Low Penetration Reveals Hidden ROI
When Jan. 1 comes around, the willpower, commitment and determination of the American consumer always ratchets up a few notches. This goes well beyond that resolution to get in shape or tackle a new project.
Financial health is front and center as people begin to think about commitments to save more money for retirement, pay off debts, start an educational fund for their kids, or begin an investment portfolio.
All credit unions have the opportunity to use this time of year to educate members about their complete range of investment and retirement services. Done well, it can jump start the development of a fuller member relationship over the months to come.
According to the white paper, “The Opportunity for Credit Unions in Investment and Life Insurance Services” conducted by Kehrer-Saltzman and Associates in 2013, only one in four credit union households have purchased investments or life insurance at a credit union. Households with a credit union member keep only 20% of their financial assets at a credit union.
This presents an enormous opportunity for credit unions to focus on capturing the investment and retirement business of their members. To date, most of our peers in the industry have barely tapped this potential. How do we have those conversations, make those connections and become a trusted partner for our members in the realm of investment services? Let me share some first-hand experiences.
Late last year, The Summit Federal Credit Union rebranded its MEMBERS Financial Services Program to The Summit Retirement & Investment Services. The concept, which was quite simple in theory, but required resources to execute, helped the credit union connect with a broader audience and eliminate ambiguity.
Even before the rebranding, the retirement and investment services representatives at The Summit had always been accessible, approachable and invested in helping members achieve their definition of financial success. But being successful requires more than just the right intent. It requires the right exposure and marketing.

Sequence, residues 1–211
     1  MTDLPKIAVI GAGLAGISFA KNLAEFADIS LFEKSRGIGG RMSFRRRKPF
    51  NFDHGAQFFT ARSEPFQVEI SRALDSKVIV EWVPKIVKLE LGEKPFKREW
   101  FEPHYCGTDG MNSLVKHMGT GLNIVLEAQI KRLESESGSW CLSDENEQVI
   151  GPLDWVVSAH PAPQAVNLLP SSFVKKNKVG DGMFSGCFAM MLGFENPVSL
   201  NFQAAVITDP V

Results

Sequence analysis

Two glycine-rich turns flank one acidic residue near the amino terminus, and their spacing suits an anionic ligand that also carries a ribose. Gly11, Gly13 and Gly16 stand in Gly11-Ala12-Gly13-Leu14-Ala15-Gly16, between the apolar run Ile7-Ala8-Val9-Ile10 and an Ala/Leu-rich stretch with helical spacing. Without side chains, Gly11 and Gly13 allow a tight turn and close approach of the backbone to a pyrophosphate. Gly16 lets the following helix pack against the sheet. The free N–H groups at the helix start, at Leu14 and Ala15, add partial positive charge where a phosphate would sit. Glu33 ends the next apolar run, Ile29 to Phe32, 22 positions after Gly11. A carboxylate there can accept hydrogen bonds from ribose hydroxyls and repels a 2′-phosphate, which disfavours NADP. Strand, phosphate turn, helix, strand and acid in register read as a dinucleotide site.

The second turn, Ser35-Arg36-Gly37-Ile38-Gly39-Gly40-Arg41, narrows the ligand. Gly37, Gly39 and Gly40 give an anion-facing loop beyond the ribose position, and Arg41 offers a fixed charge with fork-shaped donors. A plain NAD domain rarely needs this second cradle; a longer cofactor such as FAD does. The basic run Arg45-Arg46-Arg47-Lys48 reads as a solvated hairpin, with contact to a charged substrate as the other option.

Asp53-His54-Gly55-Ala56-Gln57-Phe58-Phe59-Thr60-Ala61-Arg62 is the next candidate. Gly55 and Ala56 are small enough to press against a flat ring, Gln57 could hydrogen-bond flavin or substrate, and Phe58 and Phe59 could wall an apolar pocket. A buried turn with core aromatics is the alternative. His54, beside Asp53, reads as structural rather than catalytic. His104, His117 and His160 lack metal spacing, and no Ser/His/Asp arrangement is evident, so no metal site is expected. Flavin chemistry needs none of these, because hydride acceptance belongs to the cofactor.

Like real estate, location matters. Representatives are strategically placed in high traffic branches. But instead of relying on inbound traffic, they also go where prospects are spending their time such as offering a wide range of educational sessions at member companies, libraries, and community centers.
Conducting popular sessions on such topic as investment basics, retirement basics, women and investing, Roth IRA conversion and Social Security are sure-fire draws. Employing other credit union communication vehicles such as social media, newsletters, and branch signage to educate members on investment and retirement services creates opportunity to cross-sell other products and services.
Don’t overlook investing in your own people to up the ante even further. The Summit is proud of its robust employee training and recognition programs. Using a member loyalty model, our employees attend training sessions on products and participate in role play scenarios to make referrals. The result has been an almost 30% increase in investment service appointments over the past year.
By focusing on educational training, employee recognition and strategic marketing, a credit union can position themselves as a primary financial service provider for investment and retirement products. Establishing this investment relationship has proven to increase member loyalty, which is something every credit union strives for.
Laurie Baker is SVP and COO of The Summit Federal Credit Union. She can be reached at 800-836-7328 or firstname.lastname@example.org.